It is difficult to explain how moved I was by her story, as I felt my new daughter kicking inside me. Once, long ago, I bought into the pro-choice culture. I believed in clumps of tissue, products of conception, and a woman's "right" to do whatever she wanted with her own body. It was only after I became pregnant myself for the first time, with Joey, that I understood that it wasn't my body at all--my baby's body was his own. We were just sharing the same space temporarily, and he relied on me completely to keep him safe. His rights were equal to mine, for, from the moment he was conceived, he was a person.

My change in opinion on abortion changed well prior to my conversion to Catholicism, so I certainly don't believe one has to be Catholic--or even religious at all--to be pro-life. One simply has to think clearly about what an abortion really is. Our culture has so clouded this issue that we tend to think that personal freedoms are more important than life itself. But at its base level, this attitude is nothing more than selfishness. It is saying that my life is more important than yours. This is a very dangerous mindset. Yes, babies are sometimes very inconvenient. But they are real people, real lives in the making. I truly believe that anyone who has an abortion or supports the idea of an abortion does so only because they really don't understand what it is they are doing. Because if they understood, they could never do it, any more than they could kill a person who was sitting too close to them on the subway.

Thanks, in part, to Gianna's testimony, there is now a law protecting babies born alive, even during attempted abortions. We have a long way to go still and many muddy issues to resolve, but it's a start. I am not naive. I know that abortions will still take place, even if they are illegal. But we are a people who believe legal and moral mean the same thing. Perhaps outlawing something is the first tiny step in slowly changing our society's view about something that has silently creeped and completely seeped into our collective justification system.

Ending life is wrong, objectively. I don't judge people who don't share this opinion, as many people I love dearly do not, as once I did not. But I am not ashamed to say that I hope and pray that this "tolerance" that has changed in meaning from "loving those who think differently from you" to "everything is equal and OK" ends and soon.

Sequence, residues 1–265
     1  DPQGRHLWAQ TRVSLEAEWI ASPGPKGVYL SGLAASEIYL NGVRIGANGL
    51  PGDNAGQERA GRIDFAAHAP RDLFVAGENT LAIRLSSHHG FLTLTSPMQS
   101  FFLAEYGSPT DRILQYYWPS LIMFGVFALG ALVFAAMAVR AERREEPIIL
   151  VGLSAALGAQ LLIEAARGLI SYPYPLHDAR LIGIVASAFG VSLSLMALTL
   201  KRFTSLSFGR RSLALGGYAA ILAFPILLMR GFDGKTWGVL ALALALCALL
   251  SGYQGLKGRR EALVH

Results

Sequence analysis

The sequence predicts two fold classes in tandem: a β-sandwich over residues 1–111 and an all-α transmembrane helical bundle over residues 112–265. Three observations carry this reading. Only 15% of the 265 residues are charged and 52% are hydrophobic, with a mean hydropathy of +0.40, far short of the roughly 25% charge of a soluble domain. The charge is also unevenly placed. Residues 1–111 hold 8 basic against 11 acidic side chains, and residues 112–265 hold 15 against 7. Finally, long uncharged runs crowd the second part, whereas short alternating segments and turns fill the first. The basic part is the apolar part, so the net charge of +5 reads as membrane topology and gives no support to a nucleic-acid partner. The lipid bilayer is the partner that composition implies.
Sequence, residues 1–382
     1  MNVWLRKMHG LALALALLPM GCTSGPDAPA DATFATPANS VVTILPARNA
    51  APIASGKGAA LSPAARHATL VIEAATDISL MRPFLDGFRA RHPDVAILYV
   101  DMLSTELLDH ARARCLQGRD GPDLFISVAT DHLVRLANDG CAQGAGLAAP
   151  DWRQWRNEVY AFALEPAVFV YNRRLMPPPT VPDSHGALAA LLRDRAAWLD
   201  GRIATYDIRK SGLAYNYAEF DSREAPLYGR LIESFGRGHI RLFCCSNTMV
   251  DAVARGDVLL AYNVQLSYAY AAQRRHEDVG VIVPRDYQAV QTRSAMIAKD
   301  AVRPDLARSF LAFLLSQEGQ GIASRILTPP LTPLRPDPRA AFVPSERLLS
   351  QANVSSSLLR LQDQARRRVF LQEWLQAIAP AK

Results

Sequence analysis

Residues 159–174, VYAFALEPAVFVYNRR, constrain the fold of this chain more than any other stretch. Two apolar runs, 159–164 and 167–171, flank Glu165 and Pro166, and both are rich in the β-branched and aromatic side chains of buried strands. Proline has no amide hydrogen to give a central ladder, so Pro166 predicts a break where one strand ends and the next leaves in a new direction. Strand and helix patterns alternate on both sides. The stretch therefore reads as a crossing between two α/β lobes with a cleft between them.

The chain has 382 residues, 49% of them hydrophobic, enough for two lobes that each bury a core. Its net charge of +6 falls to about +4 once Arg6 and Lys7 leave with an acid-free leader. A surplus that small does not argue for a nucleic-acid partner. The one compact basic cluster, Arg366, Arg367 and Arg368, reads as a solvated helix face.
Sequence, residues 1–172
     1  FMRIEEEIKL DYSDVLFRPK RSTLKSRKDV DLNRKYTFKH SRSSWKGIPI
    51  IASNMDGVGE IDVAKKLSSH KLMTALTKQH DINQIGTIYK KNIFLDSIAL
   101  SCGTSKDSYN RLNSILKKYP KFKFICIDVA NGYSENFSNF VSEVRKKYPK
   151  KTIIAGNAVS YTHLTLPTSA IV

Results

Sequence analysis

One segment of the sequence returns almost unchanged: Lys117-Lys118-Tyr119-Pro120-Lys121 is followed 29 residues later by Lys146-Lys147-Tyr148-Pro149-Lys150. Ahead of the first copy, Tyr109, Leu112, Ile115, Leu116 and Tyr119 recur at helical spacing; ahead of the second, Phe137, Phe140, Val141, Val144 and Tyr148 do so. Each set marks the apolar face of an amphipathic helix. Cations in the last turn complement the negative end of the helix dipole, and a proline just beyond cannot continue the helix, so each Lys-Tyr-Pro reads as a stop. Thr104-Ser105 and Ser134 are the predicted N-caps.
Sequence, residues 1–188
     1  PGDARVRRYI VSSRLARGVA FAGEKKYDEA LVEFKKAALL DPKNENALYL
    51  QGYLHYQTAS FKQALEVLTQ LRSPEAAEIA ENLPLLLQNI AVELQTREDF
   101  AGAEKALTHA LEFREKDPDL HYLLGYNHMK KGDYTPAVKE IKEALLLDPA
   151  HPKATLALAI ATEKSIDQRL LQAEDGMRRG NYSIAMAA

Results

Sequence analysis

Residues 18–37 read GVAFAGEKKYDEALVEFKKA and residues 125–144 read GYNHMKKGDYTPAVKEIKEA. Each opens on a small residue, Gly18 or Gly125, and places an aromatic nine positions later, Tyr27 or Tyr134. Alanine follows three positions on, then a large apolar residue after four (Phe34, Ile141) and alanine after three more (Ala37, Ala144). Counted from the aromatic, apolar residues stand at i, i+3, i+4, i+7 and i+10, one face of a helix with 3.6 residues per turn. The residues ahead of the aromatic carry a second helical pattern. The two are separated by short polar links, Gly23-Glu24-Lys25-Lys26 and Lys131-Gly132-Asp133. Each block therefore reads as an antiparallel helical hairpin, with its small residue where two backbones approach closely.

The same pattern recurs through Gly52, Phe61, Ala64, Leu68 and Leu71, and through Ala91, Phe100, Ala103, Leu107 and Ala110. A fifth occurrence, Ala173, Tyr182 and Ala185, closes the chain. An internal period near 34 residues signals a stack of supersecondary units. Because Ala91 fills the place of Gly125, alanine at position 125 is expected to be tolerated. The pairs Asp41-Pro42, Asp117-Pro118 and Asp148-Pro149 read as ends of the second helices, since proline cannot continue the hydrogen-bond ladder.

If everyone could hear Gianna speak, abortion would be a very rare thing.

Thursday, October 19, 2006

Waiting for Perspective

I had a complaint from my husband today that my blog has been a little thin of late. Of course, he is right.

The truth is, I haven't felt much like writing lately. There has been only one topic on my mind, and I have not been ready to tackle it. I have been waiting for some perspective on a very sad situation, and it has taken its time in showing up. But I do believe it has finally arrived, so now I will write with the peace I have hitherto been lacking, and move on with life--and blogging.

Last month I lost a friend. Not an acquaintance, but a friend whose life is completely intertwined with mine. Someone who lives down the street from me, whose children are the same ages and in the same schools and classes as mine. A person I spoke with every day, multiple times a day. The person I sought out at every social event. The godmother of my oldest son.

This friendship was lost suddenly and completely, and there wasn't a thing I could do to stop it. You see, the reason this person no longer will speak to me, or even look at me, is because our husbands (who were longtime friends in their own right) had a business disagreement. Granted, a very serious one, but a business disagreement nonetheless.

I have been over this and over this in my head for weeks. At first, it didn't make any sense to me. How could I lose a friend because my husband argued with hers? One day we were having coffee in her kitchen while our children played and the next she wouldn't even look at me when she passed me in the school parking lot. She and I had no harsh words. Nothing changed between us. We went from friendship to silence in a matter of hours.

In the first two weeks, I made three attempts to make things right with her. I emailed her, tried unsuccessfully to speak with her, then wrote her a letter. I received no response at all. This was so very hurtful to me. I did nothing to her, did not change myself at all, and I was severed from her life. I simply could not fathom it. So our husbands argued about business. What could this possibly have to do with her and I? And then there are the children. My children are simply wrecked over the loss of their playmates, her children. How can I explain this to them? I can't.

One of the hardest things for me to accept has been that this behavior is not like her at all. She is not a cold, unfeeling person. She is not cruel. She is a compassionate, giving person, a good Christian, and I don't believe that ignoring me fits in with who she is. Something was not adding up.